Willard Hurst, Technological Change, and the Transformation of American Public Law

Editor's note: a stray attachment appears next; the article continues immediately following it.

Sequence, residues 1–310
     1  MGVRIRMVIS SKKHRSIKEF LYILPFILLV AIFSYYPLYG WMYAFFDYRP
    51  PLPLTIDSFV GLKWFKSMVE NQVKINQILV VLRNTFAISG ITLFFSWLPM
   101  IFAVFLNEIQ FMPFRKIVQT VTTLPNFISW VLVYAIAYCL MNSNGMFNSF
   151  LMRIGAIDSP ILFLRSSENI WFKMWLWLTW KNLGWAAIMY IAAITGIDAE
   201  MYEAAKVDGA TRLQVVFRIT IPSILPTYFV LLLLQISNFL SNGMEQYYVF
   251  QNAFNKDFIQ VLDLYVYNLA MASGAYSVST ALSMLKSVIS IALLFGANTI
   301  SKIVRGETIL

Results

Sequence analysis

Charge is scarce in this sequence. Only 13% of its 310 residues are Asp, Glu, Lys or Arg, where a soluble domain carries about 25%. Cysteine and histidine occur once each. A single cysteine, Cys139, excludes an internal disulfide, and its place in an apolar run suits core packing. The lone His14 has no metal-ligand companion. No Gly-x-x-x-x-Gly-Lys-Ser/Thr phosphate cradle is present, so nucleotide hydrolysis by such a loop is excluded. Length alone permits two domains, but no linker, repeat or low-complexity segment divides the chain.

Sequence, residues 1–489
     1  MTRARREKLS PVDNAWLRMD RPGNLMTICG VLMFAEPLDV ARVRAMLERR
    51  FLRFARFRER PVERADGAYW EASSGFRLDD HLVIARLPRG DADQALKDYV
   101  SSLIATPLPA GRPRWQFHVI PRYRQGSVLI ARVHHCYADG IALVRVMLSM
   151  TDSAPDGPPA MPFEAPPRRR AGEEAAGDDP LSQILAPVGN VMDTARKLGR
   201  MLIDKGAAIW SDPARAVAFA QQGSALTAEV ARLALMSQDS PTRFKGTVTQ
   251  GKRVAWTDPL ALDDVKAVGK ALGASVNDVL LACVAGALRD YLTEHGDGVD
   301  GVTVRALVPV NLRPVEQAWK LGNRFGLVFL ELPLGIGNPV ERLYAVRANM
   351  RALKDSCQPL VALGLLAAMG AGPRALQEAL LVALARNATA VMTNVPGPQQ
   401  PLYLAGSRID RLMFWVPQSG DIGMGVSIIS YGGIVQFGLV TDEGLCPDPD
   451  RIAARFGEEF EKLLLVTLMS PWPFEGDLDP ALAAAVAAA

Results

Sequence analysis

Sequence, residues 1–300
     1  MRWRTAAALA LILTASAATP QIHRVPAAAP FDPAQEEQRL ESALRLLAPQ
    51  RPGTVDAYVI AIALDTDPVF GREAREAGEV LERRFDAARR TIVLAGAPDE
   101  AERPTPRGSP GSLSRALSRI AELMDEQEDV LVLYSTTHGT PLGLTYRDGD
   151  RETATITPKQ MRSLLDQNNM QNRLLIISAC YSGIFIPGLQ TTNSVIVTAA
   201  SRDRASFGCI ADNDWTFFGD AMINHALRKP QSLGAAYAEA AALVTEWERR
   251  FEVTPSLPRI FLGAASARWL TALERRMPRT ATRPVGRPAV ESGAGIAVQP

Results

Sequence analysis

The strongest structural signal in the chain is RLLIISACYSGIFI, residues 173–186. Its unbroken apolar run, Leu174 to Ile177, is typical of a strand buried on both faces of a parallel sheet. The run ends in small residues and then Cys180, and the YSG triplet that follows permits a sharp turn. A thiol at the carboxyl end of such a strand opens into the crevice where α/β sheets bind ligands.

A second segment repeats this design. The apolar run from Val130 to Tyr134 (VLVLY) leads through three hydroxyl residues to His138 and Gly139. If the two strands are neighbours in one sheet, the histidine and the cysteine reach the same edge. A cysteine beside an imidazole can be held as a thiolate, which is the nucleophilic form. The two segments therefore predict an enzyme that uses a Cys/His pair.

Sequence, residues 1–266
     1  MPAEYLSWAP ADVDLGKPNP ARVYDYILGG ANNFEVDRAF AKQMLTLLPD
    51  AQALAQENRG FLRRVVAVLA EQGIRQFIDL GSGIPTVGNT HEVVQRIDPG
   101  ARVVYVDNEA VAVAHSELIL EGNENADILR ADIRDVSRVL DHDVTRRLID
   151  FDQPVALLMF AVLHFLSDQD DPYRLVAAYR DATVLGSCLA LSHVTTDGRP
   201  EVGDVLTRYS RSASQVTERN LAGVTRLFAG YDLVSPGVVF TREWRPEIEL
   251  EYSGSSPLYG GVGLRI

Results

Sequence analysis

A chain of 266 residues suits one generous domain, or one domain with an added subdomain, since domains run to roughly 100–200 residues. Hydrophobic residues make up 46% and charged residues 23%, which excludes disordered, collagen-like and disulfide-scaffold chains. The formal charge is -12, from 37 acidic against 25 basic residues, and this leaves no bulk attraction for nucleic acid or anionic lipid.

The University of Wisconsin’s James Willard Hurst was arguably the most significant legal historian in the United States. Hurst not only launched the so-called “new” legal history as an alternative to traditional constitutional narrative, but he also founded the interdisciplinary field of “law and society” more generally. And Hurst is most famous for some of his more general observations about the relationship between economic development and the growth of American law. As Lawrence Friedman put it, “[O]n the general question of the relationship between law and the economy, the pioneer work of J. Willard Hurst is still a fundamental starting point. . . .” Much of that work concerned the nineteenth century and law’s role in what Hurst talked about as “the release of creative energy.”